National Novel Writing Month, or NaNoWriMo, takes place every November. Participants from around the world bash away at their keyboards, scratch their pens across paper and drink more coffee than is medically advised in order to write 50’000 words of a novel in thirty days. And yes, I know how crazy that sounds. It’s something that garners mixed reactions from the writing world, with supporters arguing that it’s a powerful tool for getting them in gear to put words on the page without being stopped along the way by their inner editor, and detractors voicing the thought that if any of the 50k words written turn into anything good it’ll be a miracle. Having taken part in NaNoWriMo many times, some more successful than others, I can sympathise with the detractors as much as with the supporters but that’s not what I want to talk about here, though.
NaNoWriMo isn’t just a writing challenge, it’s an opportunity. I participated in NaNoWriMo several times before I finally crossed the 50k finish line in 2010 and I wouldn’t be being at all dramatic in saying it was a turning point in my life. I’d always felt like a writer on the inside, but winning NaNoWriMo that year gave me a confidence to put my writing self on the outside. Within a month I had joined my first writing group. Within a year I had joined a second writing group and started attending open mic poetry nights. When 2011 rolled around I put my name forward to be a NaNoWriMo ML for my local area. The role of an ML is essentially that of a regional organiser. In previous years our area hadn’t had any proper meet-ups so I organised one. It was terrifying and exciting and a complete surprise to me when people actually turned up. And these people were all like me – writers looking for community with other writers. We met weekly through that November and most of that original group have continued to meet on a monthly basis ever since. I’ve taken more of a back role in the group now, with another girl stepping up to the main ML role but this in itself is amazing. This is a girl who suffers major social anxiety. During that first month of meetings it took everything out of her just to come along and talk to a small group of people about a shared love of literature but we’ve all had the great honour of watching her flourish in herself to the point where she now has the confidence to run this group, meet with strangers to organise room hire and she has even started her own writing-related business. And I haven’t even mentioned the growth of her own writing.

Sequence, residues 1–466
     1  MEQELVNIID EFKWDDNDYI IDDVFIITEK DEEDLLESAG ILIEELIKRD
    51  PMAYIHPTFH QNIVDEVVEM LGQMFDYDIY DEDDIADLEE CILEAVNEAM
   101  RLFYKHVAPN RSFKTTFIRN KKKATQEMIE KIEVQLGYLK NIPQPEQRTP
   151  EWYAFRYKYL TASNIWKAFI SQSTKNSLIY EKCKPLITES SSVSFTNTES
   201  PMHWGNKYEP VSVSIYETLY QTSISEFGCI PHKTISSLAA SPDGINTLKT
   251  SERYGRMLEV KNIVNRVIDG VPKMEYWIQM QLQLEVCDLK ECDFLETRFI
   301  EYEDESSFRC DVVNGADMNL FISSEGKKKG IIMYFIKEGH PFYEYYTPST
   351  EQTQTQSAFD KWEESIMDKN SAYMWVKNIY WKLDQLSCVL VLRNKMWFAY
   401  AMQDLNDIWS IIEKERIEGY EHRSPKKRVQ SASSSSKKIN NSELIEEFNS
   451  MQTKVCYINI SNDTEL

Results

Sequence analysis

What I’m trying to say is that NaNoWriMo isn’t about the writing. It’s not about managing to write 50k words. It’s not about pumping out a bestseller in a month, or penning the greatest bit of literature man has ever dared to dream of. NaNoWriMo is about giving people the courage to put their hand in the air and say they are a writer. It’s about shy people finding a type of confidence they never thought they had. It’s about showing writers that writing doesn’t have to be a solitary sport. NaNoWriMo is about writers and that is why I would recommend it to anyone.